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تاريخ التسجيل : 11/05/2015
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Introduction to Hydrocarbons Aliphatic Aromatic

في الإثنين مايو 18, 2015 3:56 pm
Hydrocarbons are the simplest class of organic compounds and are composed solely of hydrogen and carbon. This class can be further divided into two groups: aliphatic hydrocarbons and aromatic hydrocarbons.

Aliphatic Hydrocarbons




Aliphatic hydrocarbons can be classified based on the structure and bonding of the carbon skeleton into one of three groups: alkanes, alkenes, and alkynes.




   Alkanes, or saturated hydrocarbons, are compounds that consist entirely of single bonds, so that each carbon atom is connected to four other atoms (either another carbon within the skeletal structure or a hydrogen atom). They can be described by the formula CnH2n+2. One simple example is methane, where n=1 and therefore has a chemical formula of CH4. Cycloalkanes are structures composed of single bonds where their carbon atoms are connected in a ring.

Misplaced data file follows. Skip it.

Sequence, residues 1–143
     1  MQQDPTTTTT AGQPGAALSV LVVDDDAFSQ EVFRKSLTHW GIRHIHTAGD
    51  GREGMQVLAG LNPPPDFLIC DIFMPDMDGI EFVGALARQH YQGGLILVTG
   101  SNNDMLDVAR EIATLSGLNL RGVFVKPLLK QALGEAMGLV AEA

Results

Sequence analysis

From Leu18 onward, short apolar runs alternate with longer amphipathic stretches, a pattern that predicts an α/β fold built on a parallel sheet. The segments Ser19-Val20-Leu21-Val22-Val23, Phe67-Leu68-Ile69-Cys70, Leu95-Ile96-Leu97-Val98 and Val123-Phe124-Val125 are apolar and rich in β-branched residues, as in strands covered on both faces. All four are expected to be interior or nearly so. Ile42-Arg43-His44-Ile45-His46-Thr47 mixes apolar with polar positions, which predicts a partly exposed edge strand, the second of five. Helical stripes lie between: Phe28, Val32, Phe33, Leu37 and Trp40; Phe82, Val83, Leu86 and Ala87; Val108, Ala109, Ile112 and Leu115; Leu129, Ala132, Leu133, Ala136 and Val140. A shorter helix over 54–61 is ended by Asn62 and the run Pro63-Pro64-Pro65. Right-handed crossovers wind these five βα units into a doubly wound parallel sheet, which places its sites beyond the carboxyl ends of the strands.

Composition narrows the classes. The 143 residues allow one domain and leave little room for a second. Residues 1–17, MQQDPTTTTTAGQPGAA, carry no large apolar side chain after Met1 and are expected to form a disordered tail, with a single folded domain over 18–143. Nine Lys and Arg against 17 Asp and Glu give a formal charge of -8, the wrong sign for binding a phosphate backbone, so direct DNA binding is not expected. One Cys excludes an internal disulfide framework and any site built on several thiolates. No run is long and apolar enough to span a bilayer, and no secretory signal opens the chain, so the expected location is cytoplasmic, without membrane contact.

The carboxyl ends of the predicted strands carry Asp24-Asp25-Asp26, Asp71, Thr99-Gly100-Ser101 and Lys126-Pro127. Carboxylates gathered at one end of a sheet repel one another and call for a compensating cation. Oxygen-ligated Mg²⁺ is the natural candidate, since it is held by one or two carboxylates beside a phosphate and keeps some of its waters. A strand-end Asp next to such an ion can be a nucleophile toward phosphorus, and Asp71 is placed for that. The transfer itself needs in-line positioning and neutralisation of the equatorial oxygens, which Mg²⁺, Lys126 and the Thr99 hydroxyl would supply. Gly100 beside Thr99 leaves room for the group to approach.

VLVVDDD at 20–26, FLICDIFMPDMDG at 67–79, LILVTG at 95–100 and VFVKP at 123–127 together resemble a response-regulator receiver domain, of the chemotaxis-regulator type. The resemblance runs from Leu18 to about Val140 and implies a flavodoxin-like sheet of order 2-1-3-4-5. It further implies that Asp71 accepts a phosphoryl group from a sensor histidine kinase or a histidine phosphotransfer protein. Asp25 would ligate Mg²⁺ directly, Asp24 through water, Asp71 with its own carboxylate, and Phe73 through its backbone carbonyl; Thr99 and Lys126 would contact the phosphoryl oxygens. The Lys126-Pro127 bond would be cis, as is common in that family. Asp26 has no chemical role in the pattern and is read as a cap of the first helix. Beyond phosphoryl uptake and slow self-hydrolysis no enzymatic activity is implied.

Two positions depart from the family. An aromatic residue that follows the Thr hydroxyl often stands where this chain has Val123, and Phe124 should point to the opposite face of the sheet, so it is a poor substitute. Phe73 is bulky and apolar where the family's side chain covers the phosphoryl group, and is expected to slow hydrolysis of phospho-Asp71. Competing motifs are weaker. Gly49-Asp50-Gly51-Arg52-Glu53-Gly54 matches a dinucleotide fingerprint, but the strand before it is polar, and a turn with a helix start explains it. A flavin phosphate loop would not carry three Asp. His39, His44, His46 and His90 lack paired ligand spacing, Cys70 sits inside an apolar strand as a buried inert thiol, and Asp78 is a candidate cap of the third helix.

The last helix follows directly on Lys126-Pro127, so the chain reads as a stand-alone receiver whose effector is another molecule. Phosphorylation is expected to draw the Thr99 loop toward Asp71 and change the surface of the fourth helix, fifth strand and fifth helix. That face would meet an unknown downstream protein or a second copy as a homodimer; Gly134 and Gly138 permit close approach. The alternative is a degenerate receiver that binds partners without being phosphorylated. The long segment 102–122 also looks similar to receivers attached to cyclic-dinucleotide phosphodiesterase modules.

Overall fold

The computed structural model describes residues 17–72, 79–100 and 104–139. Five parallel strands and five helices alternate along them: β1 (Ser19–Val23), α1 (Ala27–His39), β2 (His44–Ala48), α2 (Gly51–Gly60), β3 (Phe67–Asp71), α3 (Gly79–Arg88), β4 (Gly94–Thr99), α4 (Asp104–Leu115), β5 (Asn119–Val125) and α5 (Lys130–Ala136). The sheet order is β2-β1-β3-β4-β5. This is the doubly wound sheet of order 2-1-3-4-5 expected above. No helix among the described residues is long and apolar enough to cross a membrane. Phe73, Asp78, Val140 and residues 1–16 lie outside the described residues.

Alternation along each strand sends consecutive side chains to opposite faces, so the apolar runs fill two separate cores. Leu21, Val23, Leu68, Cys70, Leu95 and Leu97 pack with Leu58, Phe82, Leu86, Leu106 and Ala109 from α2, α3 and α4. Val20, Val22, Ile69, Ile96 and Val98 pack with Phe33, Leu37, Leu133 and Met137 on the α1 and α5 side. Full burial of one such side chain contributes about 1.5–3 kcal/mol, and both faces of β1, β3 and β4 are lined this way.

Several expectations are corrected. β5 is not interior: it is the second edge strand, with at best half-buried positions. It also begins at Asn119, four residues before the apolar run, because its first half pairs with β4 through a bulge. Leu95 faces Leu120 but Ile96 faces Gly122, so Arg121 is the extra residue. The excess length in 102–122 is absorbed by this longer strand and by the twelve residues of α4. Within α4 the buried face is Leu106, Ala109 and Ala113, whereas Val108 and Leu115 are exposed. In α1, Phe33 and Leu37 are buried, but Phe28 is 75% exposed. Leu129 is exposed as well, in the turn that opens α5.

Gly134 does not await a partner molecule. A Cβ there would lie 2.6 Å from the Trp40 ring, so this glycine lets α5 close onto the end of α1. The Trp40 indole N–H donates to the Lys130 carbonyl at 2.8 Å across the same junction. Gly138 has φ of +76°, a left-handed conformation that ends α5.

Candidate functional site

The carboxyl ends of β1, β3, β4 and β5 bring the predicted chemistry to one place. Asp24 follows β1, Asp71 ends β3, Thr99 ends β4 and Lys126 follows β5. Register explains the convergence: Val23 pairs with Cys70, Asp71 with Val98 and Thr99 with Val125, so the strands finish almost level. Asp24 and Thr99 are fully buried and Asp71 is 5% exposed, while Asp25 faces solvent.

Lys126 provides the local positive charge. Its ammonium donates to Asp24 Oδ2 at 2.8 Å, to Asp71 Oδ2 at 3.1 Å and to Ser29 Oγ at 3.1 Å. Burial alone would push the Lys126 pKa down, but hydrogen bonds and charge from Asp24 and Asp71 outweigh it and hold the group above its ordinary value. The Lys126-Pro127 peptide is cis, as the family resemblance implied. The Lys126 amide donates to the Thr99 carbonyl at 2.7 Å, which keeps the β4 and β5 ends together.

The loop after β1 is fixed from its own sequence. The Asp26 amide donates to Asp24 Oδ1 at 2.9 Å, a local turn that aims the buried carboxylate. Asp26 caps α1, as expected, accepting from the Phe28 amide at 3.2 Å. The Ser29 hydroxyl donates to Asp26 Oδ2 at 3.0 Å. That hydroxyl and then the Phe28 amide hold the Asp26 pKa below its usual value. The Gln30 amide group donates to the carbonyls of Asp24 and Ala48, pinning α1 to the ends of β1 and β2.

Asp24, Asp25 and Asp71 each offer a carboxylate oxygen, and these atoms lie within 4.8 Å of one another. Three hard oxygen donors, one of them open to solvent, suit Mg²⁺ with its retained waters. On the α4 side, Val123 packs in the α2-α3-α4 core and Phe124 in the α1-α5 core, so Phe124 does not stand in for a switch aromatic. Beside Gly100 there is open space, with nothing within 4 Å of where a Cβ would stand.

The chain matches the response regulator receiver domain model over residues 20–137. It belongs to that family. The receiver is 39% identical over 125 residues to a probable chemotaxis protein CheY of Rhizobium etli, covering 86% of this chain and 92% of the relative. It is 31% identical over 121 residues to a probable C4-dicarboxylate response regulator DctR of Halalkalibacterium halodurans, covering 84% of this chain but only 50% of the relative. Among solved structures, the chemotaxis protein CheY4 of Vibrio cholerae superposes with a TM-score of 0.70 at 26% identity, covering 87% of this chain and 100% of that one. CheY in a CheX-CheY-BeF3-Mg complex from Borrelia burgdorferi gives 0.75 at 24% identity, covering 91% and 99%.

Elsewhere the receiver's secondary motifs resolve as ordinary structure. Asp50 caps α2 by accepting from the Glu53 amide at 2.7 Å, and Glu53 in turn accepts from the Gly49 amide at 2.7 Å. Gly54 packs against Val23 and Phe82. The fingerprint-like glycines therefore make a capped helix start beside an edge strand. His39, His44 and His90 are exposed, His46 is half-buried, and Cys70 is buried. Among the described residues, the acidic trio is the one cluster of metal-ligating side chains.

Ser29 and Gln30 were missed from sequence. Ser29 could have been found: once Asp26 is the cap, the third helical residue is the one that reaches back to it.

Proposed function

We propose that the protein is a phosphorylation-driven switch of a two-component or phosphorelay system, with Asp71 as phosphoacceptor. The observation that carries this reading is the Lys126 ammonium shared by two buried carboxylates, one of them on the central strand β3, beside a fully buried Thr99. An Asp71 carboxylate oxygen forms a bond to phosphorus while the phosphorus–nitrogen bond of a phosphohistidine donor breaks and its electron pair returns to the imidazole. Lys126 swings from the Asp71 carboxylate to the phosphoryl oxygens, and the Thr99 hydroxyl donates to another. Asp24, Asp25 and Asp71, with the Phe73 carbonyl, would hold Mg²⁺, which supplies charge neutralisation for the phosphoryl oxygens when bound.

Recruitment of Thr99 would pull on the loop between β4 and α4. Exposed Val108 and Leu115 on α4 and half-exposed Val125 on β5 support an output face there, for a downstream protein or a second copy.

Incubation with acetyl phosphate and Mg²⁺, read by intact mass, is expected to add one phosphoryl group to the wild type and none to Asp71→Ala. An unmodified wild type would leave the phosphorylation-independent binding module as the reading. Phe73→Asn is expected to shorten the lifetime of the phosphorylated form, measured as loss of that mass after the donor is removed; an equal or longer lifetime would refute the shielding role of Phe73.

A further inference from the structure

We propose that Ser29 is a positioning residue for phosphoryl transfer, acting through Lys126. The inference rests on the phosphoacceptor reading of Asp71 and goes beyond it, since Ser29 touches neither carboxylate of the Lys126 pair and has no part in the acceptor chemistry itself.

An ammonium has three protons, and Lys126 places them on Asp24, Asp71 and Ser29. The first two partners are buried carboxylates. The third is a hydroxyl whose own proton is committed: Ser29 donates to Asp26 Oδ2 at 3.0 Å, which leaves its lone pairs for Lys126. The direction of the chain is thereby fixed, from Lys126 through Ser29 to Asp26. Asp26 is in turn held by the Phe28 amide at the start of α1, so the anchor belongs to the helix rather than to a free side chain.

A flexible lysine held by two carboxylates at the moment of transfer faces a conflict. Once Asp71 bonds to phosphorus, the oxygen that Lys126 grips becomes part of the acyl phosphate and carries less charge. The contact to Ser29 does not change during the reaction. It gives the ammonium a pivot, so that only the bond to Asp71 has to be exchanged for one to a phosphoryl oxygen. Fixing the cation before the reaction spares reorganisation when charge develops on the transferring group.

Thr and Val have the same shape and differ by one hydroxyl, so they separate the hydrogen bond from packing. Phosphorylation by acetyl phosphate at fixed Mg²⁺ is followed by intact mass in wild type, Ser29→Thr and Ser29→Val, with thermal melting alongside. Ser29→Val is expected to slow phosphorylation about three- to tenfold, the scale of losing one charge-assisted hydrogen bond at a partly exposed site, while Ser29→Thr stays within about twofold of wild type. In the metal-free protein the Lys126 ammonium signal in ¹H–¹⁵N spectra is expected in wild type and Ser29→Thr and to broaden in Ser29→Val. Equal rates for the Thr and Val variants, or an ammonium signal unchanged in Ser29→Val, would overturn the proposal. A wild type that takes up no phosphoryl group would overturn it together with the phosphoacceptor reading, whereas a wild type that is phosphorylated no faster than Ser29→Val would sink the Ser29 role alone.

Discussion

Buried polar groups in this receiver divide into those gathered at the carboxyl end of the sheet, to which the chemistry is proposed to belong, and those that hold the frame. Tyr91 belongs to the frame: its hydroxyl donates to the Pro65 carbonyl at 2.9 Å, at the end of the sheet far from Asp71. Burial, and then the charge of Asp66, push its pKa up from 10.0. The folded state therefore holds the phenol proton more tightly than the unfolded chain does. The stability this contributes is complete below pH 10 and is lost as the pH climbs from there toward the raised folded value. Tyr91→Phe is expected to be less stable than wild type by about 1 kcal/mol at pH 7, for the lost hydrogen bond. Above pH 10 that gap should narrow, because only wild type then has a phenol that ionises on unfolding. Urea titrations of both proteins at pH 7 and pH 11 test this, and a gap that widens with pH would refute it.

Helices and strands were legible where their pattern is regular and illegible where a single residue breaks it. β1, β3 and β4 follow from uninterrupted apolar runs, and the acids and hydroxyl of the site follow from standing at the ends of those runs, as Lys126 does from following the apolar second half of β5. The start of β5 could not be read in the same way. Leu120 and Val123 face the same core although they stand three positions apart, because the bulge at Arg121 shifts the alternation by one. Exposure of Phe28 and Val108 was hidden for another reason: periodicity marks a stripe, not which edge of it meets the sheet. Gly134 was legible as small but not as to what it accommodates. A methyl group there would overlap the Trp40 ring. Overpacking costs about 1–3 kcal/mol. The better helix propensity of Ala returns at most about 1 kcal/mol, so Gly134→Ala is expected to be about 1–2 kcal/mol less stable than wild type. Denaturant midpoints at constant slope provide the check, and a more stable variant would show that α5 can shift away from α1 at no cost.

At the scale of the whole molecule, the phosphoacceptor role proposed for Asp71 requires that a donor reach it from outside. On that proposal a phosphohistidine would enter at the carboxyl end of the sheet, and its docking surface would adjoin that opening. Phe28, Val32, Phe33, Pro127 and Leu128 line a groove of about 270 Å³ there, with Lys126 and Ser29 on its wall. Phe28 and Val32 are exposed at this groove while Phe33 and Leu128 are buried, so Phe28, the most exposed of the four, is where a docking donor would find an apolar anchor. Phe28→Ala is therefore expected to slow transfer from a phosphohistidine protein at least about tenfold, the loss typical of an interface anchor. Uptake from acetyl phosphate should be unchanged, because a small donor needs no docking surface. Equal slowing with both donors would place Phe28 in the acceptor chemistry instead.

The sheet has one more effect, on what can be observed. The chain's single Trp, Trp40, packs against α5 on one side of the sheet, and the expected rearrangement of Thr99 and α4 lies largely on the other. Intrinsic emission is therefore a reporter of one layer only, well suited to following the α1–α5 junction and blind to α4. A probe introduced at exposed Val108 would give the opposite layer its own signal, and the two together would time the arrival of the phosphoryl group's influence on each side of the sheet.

Alkenes and alkynes are known as unsaturated hydrocarbons because some of the carbons are connected to fewer than four neighboring atoms. Alkenes contain at least one double bond, while alkynes contain at least one triple bond.




Aromatic Hydrocarbons




Aromatic hydrocarbons, or arenes, which contain a benzene ring, were originally named for their pleasant odors. A benzene ring is a ring of six carbons with alternating double and single bonds. As a result, the benzene has six hydrogens and the formula for a benzene molecule is C6H6. The benzene ring has resonance, meaning that the electron density is delocalized in the ring so that each bond is more similar to 1.5 bonds than either single or double bonds. These compounds possess special properties due to the delocalized electron density in benzene, including additional stabilization.
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